The gravity gun, for example, can be extremely useful in taking out the pesky teleporting enemies and the extra deadly Bloodhounds, and what a great touch it was to let you pick enemies up with it and then move them around by looking around, so you can then move your head to bash them into walls and ceilings. The downside though, is that it’s extremely ineffective on a few other enemy types, namely the ones that explode or have guns.
Naturally, the ammo you can find and afford on all these wonderful weapons is extremely limited though, so don’t expect to be easily blasting your way through the game. Caution, patience, and conservation are still extremely important.
During your adventures you’ll also want to keep an eye out for unlockable shield stations, special crew bodies that you can find and harvest on each floor in order to print out different bodies with different perks, and because things weren’t difficult enough already, special challenge rooms that contain chests with large amounts of currency and/or rare gear blueprints. You’ll also kind of have to learn how to conquer these challenge rooms whether you want to or not after the first deck, as each one after that will contain a special memory chip that’ll give you access to instant teleportation to that deck instead of having to fight all the way through the previous one(s). They’re some tough battles (at least until you get used to them and learn which weapons are best for dealing with alerted crowds), but the rewards are well worth it.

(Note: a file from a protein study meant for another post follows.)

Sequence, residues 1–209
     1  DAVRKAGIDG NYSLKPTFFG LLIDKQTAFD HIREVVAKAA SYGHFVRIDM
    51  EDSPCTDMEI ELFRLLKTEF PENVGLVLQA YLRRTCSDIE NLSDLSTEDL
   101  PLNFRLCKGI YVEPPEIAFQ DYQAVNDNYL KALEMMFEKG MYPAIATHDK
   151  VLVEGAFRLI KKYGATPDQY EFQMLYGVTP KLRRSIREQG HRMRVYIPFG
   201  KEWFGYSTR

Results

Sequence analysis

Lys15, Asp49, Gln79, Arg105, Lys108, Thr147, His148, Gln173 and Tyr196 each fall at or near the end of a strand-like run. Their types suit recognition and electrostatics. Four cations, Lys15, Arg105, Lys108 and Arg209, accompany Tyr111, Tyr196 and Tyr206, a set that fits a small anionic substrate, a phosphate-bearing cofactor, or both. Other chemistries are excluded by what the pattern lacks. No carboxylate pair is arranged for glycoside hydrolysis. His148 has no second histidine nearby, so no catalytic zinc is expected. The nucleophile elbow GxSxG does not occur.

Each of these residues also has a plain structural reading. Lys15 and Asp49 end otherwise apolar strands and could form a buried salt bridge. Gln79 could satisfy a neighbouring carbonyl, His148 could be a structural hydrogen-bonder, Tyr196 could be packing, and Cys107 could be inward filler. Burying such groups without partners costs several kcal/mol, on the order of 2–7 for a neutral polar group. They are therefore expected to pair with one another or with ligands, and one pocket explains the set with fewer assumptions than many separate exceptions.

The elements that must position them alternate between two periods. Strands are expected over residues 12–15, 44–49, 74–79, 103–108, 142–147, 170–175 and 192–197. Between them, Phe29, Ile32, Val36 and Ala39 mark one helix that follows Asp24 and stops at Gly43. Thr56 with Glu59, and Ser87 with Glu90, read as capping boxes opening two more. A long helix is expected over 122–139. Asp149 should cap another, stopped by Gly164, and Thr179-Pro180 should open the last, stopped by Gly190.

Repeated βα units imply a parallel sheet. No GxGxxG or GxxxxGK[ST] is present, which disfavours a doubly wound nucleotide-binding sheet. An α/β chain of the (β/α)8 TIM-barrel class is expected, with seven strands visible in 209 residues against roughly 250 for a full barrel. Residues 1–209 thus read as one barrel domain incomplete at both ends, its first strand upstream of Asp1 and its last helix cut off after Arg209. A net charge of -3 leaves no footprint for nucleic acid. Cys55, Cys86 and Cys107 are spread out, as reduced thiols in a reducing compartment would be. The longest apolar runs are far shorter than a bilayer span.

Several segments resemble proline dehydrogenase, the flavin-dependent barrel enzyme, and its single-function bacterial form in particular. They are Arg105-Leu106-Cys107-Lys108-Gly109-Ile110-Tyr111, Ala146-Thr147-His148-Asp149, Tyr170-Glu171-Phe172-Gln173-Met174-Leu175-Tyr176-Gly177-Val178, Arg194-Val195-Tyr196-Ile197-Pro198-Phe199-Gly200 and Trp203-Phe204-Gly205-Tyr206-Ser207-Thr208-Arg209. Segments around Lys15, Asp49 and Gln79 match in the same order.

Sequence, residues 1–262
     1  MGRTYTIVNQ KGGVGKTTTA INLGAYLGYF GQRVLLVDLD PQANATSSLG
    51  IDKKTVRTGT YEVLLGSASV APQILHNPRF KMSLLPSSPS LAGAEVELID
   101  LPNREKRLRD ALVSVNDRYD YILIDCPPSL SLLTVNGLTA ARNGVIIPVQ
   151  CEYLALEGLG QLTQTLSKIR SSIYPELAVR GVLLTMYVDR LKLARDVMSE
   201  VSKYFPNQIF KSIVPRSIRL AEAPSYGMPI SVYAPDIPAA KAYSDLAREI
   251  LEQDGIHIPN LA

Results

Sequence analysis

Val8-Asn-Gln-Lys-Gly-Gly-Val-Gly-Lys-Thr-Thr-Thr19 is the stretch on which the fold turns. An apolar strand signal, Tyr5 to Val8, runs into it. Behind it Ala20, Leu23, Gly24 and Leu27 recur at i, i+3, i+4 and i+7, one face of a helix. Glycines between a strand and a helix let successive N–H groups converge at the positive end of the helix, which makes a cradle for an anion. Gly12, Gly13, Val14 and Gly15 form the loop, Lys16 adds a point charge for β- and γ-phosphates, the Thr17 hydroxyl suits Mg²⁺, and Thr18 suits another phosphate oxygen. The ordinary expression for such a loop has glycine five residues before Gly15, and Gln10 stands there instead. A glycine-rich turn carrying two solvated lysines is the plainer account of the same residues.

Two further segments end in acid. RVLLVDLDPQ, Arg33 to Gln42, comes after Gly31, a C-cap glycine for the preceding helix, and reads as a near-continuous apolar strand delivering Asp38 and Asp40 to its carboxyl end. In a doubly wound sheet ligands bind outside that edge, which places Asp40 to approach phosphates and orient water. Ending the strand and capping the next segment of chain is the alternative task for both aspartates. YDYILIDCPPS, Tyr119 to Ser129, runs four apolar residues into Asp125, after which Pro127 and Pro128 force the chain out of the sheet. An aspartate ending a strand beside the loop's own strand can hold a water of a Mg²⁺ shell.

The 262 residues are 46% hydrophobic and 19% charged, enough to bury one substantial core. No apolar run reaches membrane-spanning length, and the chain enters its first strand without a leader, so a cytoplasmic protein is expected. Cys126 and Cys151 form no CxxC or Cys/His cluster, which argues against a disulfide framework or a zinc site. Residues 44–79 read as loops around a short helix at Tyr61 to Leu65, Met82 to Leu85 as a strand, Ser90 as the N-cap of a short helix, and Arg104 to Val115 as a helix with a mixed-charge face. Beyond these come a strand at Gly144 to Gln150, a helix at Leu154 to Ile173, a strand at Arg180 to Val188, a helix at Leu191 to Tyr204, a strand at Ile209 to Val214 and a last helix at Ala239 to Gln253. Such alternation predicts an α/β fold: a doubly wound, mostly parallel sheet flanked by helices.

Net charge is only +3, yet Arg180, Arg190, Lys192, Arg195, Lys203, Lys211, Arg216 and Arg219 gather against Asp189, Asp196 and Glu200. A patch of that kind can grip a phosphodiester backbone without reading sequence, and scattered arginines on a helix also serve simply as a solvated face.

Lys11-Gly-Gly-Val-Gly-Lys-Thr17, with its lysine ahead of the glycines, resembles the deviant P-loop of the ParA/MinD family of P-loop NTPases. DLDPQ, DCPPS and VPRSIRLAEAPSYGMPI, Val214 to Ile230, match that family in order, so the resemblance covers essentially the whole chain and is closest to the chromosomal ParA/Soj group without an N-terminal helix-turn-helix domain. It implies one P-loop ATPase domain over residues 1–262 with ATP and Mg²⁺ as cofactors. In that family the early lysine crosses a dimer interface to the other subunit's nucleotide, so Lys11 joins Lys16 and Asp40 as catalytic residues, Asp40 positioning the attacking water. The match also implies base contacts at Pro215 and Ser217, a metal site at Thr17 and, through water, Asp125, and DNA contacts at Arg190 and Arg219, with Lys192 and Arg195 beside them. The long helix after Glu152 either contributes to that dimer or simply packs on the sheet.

One more thing I’d like to add, is that as painfully difficult as The Persistence can be, it’s also very fair in its roguelike nature. When you die you’ll lose whatever weapons you had bought or found out in the decks, but you get to keep ALL your currencies and found blueprints. Also, while decks will be almost entirely re-arranged and re-filled with enemies upon death, the special scripted areas at the end of each deck, all of which involve completing sequences of actions that result in waves of enemies popping out after each part of the sequence, will generously save your progress there permanently even if you die. This all goes a long way towards making you feel a bit less filled with rage when you die, because you’ll almost always at least have still gained SOME ground even if this one attempt failed.
So that should all give you a pretty good idea of what The Persistence is all about. This game is exceptional in terms of stealth, horror, action, roguelike gameplay, and functional PSVR controls. I’d say that the only area it’s really lacking in is story, but man, you’ll be so busy cowering behind a box in the dark hoping that twitching beast shambling towards you doesn’t look in your direction that I doubt you’ll have time to care. This is a shining example of the potential that VR gaming holds, being not only one of the greatest modern horror experiences in existence (second only to Resident Evil 7 if you ask me), but one of the most fun and well-produced VR games I’ve ever played in general. Highly, highly, highly recommended for all fans of horror and tough games.